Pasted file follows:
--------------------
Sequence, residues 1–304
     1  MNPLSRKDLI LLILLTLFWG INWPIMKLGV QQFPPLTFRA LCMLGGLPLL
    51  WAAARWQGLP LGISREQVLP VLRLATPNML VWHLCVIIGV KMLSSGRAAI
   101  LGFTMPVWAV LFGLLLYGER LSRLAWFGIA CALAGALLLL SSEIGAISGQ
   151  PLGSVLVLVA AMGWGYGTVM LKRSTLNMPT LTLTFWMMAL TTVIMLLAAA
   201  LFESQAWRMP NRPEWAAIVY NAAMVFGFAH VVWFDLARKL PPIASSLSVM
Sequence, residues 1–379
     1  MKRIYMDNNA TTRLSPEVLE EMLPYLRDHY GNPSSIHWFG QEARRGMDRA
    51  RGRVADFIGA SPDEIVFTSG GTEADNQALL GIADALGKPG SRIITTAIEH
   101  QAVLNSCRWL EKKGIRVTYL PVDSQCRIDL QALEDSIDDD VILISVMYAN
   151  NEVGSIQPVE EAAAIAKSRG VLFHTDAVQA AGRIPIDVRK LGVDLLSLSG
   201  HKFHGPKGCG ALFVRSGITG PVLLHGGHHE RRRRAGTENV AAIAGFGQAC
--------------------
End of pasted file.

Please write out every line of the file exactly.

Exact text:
Sequence, residues 1–304
     1  MNPLSRKDLI LLILLTLFWG INWPIMKLGV QQFPPLTFRA LCMLGGLPLL
    51  WAAARWQGLP LGISREQVLP VLRLATPNML VWHLCVIIGV KMLSSGRAAI
   101  LGFTMPVWAV LFGLLLYGER LSRLAWFGIA CALAGALLLL SSEIGAISGQ
   151  PLGSVLVLVA AMGWGYGTVM LKRSTLNMPT LTLTFWMMAL TTVIMLLAAA
   201  LFESQAWRMP NRPEWAAIVY NAAMVFGFAH VVWFDLARKL PPIASSLSVM
Sequence, residues 1–379
     1  MKRIYMDNNA TTRLSPEVLE EMLPYLRDHY GNPSSIHWFG QEARRGMDRA
    51  RGRVADFIGA SPDEIVFTSG GTEADNQALL GIADALGKPG SRIITTAIEH
   101  QAVLNSCRWL EKKGIRVTYL PVDSQCRIDL QALEDSIDDD VILISVMYAN
   151  NEVGSIQPVE EAAAIAKSRG VLFHTDAVQA AGRIPIDVRK LGVDLLSLSG
   201  HKFHGPKGCG ALFVRSGITG PVLLHGGHHE RRRRAGTENV AAIAGFGQAC